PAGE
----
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  • Chile's President Sebastian Pinera waves after being sworn in, next to former president Michelle Bachelet, at the Congress in Valparaiso, Chile March 11, 2018.

    Chile's President Sebastian Pinera waves after being sworn in, next to former president Michelle Bachelet, at the Congress in Valparaiso, Chile March 11, 2018. | Photo: Reuters

Published 11 March 2018
Opinion

His cabinet includes Pinochet supporters and conservative politicians.

Conservative politician and businessman Sebastian Piñera Echenique was sworn in as the new president of Chile Sunday on the 28th anniversary of the end of the dicatorship of Augusto Pinochet.

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Outgoing President Michelle Bachelet handed Piñera the presidential sash after he pledged to loyally serve as president, preserve freedom and safeguard the constitution and laws.

Piñera headed a coalition of right-wing parties, even though his campaign had a “center” front cover, and his male-dominated cabinet includes far-right Andres Chadwick as interior minister and Hernan Larrain as justice minister. Both supported Pinochet's regime but distanced themselves from him later on their political careers.

Chadwick was named president of the Catholic University Students Federation by Pinochet himself, and both used to support Colonia Dignidad, a German colony founded by Nazi officer Paul Shafer where they used to torture and murder activists who oppsed the Pinochet regime.

Piñera ran for president under a politically “center” platform, but analysts says his cabinet members suggest more of right-wing lining government.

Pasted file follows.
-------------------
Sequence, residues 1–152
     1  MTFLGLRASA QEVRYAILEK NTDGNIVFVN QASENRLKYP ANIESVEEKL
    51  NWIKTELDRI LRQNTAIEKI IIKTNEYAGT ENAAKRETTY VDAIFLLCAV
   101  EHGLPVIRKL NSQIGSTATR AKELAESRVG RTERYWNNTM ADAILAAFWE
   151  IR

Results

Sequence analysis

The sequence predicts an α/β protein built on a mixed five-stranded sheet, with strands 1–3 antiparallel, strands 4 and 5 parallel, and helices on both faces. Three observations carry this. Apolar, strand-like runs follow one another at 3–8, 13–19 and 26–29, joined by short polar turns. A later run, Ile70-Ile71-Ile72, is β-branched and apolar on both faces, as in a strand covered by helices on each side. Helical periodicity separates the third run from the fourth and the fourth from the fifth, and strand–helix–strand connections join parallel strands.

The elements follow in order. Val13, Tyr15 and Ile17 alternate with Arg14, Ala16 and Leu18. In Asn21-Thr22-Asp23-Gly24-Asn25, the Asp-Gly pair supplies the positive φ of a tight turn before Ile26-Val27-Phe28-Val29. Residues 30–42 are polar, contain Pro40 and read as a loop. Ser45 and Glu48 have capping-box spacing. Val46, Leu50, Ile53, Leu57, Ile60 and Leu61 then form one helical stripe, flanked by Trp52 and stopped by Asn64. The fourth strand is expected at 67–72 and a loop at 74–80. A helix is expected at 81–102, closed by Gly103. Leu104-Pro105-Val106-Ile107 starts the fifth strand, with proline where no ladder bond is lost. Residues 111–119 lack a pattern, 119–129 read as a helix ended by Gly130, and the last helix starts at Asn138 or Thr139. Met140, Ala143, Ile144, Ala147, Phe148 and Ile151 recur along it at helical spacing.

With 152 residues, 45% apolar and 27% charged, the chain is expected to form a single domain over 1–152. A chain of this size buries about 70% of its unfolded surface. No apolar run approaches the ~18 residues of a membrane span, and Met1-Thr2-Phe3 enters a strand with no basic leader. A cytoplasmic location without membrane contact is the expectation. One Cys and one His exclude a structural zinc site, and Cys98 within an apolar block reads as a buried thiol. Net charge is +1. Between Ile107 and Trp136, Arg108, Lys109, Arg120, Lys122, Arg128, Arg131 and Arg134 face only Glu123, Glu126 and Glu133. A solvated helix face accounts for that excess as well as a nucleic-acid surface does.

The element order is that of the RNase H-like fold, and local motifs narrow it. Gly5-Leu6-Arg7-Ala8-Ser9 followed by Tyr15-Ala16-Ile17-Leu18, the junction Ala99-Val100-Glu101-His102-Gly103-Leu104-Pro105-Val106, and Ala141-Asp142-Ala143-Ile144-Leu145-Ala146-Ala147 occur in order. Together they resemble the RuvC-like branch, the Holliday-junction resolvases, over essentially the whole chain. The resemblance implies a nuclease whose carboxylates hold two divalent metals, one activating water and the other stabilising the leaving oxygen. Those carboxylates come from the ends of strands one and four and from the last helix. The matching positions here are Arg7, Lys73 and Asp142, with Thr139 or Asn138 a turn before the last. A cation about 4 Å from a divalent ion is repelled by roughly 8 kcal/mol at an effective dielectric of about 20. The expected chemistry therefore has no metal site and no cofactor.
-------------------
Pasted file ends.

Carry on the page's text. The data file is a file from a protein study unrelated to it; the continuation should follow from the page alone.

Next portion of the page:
In 1998, he came out defending Pinochet and Chilean sovereignty as the former dictator was arrested in London over charges of genocide by a Spanish judge. During a speech then, he asked Chileans to stand in solidarity with Pinochet and his family.

The new right-wing government may backtrack on more progressive laws and projects passed during Bachelet's administration. Isabel Pla, Piñera's new Women and Gender Equality Minister, and Health Minister Emilio Santelices have opposed the legalization of abortion, which was just legalized in certain cases.

Piñera has promised to attract foreign investment to create jobs and improve the economy, as well as giving tuition-free higher education to at least 300,000 students and approving the same measure to 90 percent of the students in technical careers.

This is Piñera's second term as president after his 2010-2014 administration. He has accumulated a massive fortune, which Forbes estrimates at about US$3 billion, due to his investment activities in airlines, supermarkets, football clubs, etc.

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